Radiative heat transfer in hot-filament chemical vapor deposition diamond reactors
Hot-filament chemical vapor deposition is a common method employed for diamond deposition. Due to the filament-substrate proximity, large temperature variations across the substrate is often possible. Variations in substrate temperature need to be minimized in order to deposit polycrystalline diamond films of uniform thickness over large areas. Thus heat transfer calculations which consider radiation from the filament to the substrate, radiation from the substrate to the reactor walls, and finally conduction in the silicon wafer have been developed to predict substrate temperature profiles as a function of the filament shape and geometry. The calculated values are found to be in reasonable agreement with experimentally measured substrate temperatures. It was found that hydrogen atom recombination makes a significant contribution to the absolute substrate temperature, but that the normalized temperature profiles are determined primarily by the radiation flux distribution. The effects of the other deposition parameters are also discussed. Comparison with experimental results show an apparent correlation between growth rate profiles and radiation flux profiles from the filament as predicted by the calculations.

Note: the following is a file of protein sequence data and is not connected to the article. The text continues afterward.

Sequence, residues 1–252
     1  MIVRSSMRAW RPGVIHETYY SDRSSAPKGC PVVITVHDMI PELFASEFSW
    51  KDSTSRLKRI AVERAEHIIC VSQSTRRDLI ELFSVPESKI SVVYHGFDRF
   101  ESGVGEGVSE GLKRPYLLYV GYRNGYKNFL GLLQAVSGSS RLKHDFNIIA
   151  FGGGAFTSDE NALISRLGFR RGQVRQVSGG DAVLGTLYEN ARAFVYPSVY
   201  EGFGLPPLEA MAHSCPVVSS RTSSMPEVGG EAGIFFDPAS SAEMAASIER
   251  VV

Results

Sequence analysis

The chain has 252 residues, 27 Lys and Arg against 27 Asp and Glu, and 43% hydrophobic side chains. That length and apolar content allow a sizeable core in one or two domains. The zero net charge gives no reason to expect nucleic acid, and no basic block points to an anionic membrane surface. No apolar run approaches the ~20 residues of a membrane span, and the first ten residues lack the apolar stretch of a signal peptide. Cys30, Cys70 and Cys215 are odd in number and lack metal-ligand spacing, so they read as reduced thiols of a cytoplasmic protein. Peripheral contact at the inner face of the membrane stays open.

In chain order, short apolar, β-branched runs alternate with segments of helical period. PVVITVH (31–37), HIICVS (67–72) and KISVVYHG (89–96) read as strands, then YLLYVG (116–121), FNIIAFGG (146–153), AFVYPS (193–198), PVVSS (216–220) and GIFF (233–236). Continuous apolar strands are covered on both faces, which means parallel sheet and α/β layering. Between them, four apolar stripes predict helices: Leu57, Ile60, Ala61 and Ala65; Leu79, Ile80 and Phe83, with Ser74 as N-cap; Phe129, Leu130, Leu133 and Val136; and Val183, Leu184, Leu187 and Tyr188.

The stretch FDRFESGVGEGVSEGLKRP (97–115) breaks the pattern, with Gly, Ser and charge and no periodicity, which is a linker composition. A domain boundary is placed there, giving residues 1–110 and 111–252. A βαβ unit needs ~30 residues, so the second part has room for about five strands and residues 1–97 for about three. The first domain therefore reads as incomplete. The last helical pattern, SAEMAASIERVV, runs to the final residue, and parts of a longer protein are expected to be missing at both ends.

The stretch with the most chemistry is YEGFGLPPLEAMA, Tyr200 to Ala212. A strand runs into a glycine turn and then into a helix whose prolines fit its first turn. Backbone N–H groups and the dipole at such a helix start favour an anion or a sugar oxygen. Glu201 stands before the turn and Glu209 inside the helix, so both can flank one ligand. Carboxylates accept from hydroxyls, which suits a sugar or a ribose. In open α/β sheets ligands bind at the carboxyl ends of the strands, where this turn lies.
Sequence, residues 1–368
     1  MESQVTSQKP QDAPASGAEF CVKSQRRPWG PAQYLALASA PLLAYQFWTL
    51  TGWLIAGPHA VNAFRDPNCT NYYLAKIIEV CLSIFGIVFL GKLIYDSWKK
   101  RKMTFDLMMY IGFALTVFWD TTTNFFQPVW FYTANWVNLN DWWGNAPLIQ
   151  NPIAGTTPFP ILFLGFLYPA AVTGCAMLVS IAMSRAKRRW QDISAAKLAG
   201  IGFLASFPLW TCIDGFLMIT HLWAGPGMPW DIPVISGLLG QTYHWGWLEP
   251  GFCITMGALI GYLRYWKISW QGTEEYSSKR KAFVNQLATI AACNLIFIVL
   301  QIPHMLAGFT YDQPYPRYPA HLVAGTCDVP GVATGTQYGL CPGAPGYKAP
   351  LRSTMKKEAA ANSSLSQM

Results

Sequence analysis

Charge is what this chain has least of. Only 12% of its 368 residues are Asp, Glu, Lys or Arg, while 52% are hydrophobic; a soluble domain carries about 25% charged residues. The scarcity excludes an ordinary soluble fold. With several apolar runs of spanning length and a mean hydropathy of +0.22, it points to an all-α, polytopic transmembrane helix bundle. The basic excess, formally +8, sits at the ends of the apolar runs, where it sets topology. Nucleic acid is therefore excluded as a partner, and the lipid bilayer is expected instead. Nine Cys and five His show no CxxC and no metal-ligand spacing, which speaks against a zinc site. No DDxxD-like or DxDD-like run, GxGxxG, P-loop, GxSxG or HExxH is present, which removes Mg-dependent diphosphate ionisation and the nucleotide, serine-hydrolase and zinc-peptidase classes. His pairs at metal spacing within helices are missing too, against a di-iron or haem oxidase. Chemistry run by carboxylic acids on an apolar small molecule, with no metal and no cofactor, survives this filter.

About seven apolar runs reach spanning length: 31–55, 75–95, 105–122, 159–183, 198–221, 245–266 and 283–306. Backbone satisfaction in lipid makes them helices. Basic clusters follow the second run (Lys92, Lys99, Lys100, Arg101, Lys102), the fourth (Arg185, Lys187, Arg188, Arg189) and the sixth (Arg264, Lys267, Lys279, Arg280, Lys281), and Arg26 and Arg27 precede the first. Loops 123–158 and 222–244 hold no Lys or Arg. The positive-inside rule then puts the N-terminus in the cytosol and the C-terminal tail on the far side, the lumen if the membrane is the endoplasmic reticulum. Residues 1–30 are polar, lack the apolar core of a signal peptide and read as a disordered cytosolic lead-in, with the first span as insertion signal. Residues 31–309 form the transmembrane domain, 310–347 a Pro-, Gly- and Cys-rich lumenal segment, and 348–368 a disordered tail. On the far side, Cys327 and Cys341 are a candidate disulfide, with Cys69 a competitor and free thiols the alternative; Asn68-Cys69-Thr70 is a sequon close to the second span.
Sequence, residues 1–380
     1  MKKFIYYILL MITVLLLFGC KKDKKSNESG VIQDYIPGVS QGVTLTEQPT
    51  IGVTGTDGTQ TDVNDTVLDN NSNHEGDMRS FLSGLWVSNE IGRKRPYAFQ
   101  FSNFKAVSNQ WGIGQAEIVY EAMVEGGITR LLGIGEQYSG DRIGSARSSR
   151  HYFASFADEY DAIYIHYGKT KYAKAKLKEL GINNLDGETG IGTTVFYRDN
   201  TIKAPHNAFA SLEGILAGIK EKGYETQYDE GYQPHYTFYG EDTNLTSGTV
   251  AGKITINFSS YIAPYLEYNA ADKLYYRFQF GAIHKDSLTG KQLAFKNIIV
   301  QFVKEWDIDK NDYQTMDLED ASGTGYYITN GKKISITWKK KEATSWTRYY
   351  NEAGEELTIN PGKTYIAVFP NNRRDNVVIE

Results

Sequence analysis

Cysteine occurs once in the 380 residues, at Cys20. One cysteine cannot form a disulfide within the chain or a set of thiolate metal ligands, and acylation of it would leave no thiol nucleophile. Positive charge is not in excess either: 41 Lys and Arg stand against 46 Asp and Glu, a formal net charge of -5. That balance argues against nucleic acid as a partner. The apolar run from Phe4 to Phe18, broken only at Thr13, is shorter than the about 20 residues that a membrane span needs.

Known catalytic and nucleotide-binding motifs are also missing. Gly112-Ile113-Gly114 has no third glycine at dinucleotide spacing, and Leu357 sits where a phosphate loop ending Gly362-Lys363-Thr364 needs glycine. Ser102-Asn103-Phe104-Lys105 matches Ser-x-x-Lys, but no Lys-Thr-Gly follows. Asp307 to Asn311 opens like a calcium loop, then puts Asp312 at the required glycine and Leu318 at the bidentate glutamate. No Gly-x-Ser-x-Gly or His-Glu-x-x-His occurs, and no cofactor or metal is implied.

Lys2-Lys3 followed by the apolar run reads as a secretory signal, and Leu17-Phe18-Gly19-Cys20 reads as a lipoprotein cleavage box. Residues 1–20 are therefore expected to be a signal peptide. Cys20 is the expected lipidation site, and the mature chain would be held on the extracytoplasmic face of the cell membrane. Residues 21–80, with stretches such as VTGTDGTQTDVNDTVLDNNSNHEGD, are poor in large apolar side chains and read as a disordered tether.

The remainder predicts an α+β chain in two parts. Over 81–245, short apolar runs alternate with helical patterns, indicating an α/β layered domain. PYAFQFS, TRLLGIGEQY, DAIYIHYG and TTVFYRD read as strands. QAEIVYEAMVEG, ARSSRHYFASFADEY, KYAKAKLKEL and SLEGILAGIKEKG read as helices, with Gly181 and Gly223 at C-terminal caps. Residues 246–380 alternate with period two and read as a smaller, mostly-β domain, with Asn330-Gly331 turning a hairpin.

Wolden, C., S. Mitra, and K. K_ Gleason. "Radiative heat transfer in hot‐filament chemical vapor deposition diamond reactors." Journal of applied physics 72, no. 8 (1992): 3750-3758.
Journal of Applied Physics